Capital punishment in Arizona
In 1973, following the U.S. Supreme Court decision in Furman v. Georgia, the Arizona State Legislature enacted A.R.S. § 13–454, setting forth the state's procedures for death penalty cases. The statute provided for a separate sentencing hearing to be held before the trial court, rather than a jury, and enumerated six aggravating circumstances that could be considered in deciding whether to impose a death sentence. Between 1978 and 1993, the Legislature codified four additional aggravating circumstances.
The following aggravating circumstances constitute capital murder in the State of Arizona:
- prior conviction for which a sentence of life imprisonment or death was imposable;
- prior serious offense involving the use or threat of violence;
- grave risk of death to others;
- procurement of murder by payment or promise of payment;
- commission of murder for pecuniary gain;
- murder committed in an especially heinous, cruel, or depraved manner;
- murder committed while in custody;
- multiple homicides;
- murder of a victim under 15 years of age or of a victim 70 years of age or older; and
- murder of a law enforcement officer.
Method of execution
The method of execution employed in Arizona is lethal injection. However, if convicted for a crime committed prior to November 23, 1992, the inmate may choose between lethal gas or lethal injection.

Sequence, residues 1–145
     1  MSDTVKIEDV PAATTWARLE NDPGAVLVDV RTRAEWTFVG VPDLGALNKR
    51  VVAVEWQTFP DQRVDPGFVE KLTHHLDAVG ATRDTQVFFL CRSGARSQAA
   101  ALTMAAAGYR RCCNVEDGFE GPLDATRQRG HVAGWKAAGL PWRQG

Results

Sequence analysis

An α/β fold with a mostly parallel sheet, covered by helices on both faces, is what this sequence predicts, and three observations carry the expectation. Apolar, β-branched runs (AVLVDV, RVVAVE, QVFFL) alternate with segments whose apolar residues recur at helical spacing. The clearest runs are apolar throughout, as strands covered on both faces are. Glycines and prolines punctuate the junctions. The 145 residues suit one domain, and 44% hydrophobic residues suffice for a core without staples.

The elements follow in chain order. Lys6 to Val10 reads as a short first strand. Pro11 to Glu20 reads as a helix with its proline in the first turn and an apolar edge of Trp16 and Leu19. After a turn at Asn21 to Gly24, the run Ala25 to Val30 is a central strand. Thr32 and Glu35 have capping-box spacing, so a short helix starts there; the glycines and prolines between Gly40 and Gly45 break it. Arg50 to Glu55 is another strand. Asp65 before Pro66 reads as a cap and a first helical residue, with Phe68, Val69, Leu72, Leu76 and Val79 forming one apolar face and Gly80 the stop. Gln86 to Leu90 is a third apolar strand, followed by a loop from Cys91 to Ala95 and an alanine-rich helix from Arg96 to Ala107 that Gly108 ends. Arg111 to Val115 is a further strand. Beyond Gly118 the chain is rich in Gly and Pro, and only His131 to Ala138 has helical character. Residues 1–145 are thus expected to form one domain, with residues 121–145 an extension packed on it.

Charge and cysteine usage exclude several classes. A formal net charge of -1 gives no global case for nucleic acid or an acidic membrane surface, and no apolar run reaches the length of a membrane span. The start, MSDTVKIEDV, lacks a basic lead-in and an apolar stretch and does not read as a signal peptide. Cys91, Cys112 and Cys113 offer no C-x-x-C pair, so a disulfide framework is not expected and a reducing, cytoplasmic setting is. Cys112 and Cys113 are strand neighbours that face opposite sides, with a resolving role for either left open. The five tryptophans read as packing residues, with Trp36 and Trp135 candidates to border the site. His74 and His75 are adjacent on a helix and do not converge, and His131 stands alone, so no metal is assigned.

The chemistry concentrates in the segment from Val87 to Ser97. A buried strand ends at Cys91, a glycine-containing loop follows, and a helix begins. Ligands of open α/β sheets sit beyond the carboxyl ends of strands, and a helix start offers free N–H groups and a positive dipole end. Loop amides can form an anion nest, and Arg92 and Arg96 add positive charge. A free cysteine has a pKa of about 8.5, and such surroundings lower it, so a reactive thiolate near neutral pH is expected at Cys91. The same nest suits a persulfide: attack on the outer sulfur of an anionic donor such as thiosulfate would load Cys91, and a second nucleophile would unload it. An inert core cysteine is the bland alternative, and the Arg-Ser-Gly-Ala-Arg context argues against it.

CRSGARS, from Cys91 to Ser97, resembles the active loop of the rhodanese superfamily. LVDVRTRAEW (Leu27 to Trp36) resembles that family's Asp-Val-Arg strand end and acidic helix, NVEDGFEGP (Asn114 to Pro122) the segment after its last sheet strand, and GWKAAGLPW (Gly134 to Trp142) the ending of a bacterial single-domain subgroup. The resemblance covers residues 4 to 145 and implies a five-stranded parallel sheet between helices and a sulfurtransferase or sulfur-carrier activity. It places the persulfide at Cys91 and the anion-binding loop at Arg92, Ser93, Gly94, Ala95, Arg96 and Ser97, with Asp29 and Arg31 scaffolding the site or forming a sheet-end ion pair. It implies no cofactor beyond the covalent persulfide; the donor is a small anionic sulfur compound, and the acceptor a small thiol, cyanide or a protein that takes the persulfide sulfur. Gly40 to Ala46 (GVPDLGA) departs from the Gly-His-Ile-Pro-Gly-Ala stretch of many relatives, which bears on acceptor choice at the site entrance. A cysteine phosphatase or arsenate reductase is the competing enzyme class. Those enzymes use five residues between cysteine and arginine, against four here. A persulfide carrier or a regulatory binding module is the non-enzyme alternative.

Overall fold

Prosecutorial misconduct in death penalty cases
The Arizona Supreme Court reviews death penalty cases under a process known as "direct appeals." In a 2013 story, The Arizona Republic analyzed the court's findings in all 82 death penalty cases brought before it between 2002 and the present. According to the paper, the Arizona Supreme Court found that prosecutorial impropriety or misconduct had occurred in 16 of the 82 cases. The nature of the misconduct included eye-rolling, sarcasm, introducing false testimony, and failing to disclose exculpatory evidence. The report summarized the Court's findings, noting that, "Overwhelmingly, even when misconduct was found, the high court determined that it was 'harmless error,' the defendant would have been convicted anyway, or the judge had cured the problem by making a jury instruction." The paper added that some of the most severe instances of misconduct were not brought before the Arizona Supreme Court, because they had triggered mistrials or resulted in "a sweetheart plea deal."
- List of United States death row inmates
- Crime in Arizona
- List of people executed in Arizona
- List of wrongful convictions in the United States
- List of exonerated death row inmates
- Arizona - Capital Punishment - Death Penalty
- Methods of Execution
- Inmates Executed Since 1992. Arizona Department of Corrections.
- Kiefer, Michael (28 October 2013). "Prosecutorial misconduct alleged in half of capital cases". The Arizona Republic. Archived from the original on 18 November 2014. Retrieved 18 November 2014.